So the delegate type can encapsulate a method that returns a MyType2. But following the rule that the delegate signature determines its invocation, the return type is always treated as MyType1. If the method does return a derived type, MyType2 say, you have to use a cast to work with the result as a MyType2 object. For example:

MyType2 myResult=(MyType2) myDelegate(myType2);

Contravariance allows the method to have parameters that are base types of the types specified in the delegate that encapsulates it. That is, if you define the delegate type as before:

delegate MyType1 HelloType(MyType2 param);

then a method that that has a parameter that is a base class for MyType2, e.g. MyType1, matches the signature. For example:

MyType2 myFunc2(myType1 param);
HelloType myDelegate=new HelloType(myFunc2);

is perfectly acceptable. 

Once again you can only invoke the delegate by passing a MyType2 object

MyType1 myResult= myDelegate(myType2);

but this all works because the method that the delegate invokes can treat this as a more primitive type, e.g. as a MyType1 object.

Notice that covariance and contravariance go in opposite directions - as they should to honour the original use and meaning of the terms.

An output type can be more that it is supposed to be because the client receiving it and making use of it treats it as a lesser type i.e. it can be a derived type.

An input type can be less than it is supposed to be i.e. if a method treats a derived type as the base type then everything is still ok - a parameter can be a base type.

Generic delegates

To confuse matters even more, or should that be to confer further elegance and power, you can also create generic delegate types.

Put simply you can use a generic type anywhere within a delegate definition. For example:

delegate int HelloType<T>(T param);

creates a delegate type with a generic parameter.

To use the delegate you have to provide the type information.

For example:

HelloType<int> HelloInst=new HelloType<int>(hello);

Where Hello is a method which returns an int and has a single int parameter. You can also use the shorter:

HelloType<int> HelloInst = hello;

Before you start to invent clever ways of creating generic delegates for every purpose, I should warn you that in the main generic delegates should only be used within generic classes.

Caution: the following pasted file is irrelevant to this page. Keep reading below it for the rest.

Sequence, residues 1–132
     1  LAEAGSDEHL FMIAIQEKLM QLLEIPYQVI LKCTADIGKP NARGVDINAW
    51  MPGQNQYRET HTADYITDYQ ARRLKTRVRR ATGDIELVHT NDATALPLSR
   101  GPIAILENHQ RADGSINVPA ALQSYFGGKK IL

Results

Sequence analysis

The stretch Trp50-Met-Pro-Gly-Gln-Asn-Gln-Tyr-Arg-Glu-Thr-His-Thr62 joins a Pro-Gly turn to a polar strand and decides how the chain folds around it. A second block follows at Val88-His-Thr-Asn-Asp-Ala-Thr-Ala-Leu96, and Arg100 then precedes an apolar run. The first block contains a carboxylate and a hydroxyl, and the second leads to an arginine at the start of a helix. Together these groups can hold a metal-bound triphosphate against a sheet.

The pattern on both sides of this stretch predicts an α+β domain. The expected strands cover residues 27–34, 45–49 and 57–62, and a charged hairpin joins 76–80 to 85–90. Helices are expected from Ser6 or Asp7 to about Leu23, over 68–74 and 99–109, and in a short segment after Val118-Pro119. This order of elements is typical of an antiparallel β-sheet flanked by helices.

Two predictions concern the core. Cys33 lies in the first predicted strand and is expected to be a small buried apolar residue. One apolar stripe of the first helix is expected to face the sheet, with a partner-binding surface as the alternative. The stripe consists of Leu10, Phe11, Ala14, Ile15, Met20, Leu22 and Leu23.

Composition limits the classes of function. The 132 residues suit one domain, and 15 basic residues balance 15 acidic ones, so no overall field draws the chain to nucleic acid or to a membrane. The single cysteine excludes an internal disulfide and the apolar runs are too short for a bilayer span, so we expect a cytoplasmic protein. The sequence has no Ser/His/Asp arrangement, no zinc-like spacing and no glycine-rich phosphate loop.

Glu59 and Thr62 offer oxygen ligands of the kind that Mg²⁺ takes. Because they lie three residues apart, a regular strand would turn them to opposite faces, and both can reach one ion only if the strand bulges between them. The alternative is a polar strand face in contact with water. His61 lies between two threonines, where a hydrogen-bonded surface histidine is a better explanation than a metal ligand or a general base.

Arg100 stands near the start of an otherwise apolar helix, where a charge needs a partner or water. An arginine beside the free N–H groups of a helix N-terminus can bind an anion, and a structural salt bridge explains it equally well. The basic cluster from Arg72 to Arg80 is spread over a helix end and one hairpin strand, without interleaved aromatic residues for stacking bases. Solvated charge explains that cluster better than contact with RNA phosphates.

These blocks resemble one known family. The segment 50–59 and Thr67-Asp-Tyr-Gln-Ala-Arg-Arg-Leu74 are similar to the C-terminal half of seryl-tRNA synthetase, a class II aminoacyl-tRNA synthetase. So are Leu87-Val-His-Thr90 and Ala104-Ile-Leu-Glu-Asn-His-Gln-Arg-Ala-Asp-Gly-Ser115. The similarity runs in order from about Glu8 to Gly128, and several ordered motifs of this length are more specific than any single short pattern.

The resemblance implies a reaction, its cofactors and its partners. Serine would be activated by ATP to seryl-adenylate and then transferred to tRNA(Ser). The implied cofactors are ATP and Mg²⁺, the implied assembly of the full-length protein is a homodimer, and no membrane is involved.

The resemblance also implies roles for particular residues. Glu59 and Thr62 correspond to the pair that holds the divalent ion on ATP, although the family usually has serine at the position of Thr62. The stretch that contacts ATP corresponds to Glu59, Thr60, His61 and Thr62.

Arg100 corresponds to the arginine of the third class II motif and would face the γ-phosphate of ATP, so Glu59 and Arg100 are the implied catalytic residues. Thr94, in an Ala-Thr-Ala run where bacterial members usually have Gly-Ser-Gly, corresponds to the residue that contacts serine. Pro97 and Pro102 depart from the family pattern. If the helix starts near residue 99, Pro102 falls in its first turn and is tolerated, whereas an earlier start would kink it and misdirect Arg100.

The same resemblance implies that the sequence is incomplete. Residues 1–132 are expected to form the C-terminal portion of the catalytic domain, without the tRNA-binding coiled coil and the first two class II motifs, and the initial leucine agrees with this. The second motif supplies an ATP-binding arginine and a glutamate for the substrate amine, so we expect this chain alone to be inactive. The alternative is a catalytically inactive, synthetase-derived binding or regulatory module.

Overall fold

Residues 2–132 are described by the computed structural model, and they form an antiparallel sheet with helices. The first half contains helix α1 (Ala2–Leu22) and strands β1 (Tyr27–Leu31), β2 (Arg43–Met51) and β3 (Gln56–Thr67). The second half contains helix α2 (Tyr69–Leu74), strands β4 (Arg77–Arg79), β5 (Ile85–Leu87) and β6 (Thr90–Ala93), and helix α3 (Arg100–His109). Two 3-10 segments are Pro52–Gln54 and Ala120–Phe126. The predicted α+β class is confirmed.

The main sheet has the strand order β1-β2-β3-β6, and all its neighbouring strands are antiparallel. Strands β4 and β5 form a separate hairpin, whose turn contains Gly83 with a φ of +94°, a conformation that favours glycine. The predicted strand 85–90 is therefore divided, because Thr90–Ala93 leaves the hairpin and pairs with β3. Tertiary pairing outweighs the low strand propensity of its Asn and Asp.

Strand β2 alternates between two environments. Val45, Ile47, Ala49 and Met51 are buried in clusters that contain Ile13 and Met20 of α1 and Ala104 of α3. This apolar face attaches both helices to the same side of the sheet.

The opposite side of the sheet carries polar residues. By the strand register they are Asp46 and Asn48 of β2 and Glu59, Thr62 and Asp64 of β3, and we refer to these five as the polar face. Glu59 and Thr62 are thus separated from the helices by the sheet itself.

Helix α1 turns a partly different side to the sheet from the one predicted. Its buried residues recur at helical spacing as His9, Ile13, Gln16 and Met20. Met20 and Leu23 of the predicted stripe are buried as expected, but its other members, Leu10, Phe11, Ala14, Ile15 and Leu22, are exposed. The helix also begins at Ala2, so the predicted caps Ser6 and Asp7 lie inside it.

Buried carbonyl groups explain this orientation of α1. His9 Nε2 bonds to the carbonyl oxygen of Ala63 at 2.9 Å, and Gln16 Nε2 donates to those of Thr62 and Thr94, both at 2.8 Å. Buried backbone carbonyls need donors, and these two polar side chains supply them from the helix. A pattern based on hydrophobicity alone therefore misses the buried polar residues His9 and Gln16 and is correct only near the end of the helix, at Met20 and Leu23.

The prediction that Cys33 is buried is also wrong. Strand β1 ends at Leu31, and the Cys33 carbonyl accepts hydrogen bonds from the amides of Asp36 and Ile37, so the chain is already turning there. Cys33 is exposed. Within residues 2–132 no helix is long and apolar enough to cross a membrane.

In this context they provide a way to create delegate instances that “fit in” with the functioning of the entire delegate class.

For example, you might create a delegate as a notification or event method which can be customised to work with the same data types as the rest of the generic class.

Anonymous methods and Lambda expressions

As of .NET 2.0 you can save some typing and names by using  anonymous, as opposed to named, methods.

However as of .NET 3.5 anonymous methods are overshadowed by lambda expressions.

In both cases you can simply treat the new facilities as easier ways of defining a delegate.

Anonymous methods are covered in depth in another chapter as are Lambda Expressions.

Also of interest is the way an anonymous method or Lambda expression enforces closure, which is the subject of another chapter.



Futher Reading

Covariance And Contravariance - A Simple Guide


Deep C#

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 Chapter List

  1. Why C#?

    I Strong Typing & Type Safety
  2. Strong Typing
    Why Strong Typing
  3. Value & Reference
  4.    Extract Value And Reference
  5. Structs & Classes
    Structs & Classes 
  6. Inheritance
  7. Interfaces & Multiple Inheritance
    Extract Interface
  8. Controlling Inheritance
    II Casting & Generics
  9. Casting - The Escape From Strong Typing
    Extract Casting I ***NEW!
  10. Generics
  11. Advanced Generics
  12. Anonymous & Dynamic
    III Functions
  13. Delegates
  14. Multicast Delegates
  15. Anonymous Methods, Lambdas & Closures
    IV Async
  16. Threading, Tasks & Locking
  17. The Invoke Pattern
  18. Async Await
  19. The Parallel For
    V Data - LINQ, XML & Regular Expressions
  20. The LINQ Principle
  21. XML
  22. LINQ To XML
  23. Regular Expressions
    VI Unsafe & Interop
  24. Interop
  25. COM
  26. Custom Attributes
  27. Bit Manipulation
  28. Advanced Structs
  29. Pointers 

Extra Material



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Last Updated ( Thursday, 07 January 2016 )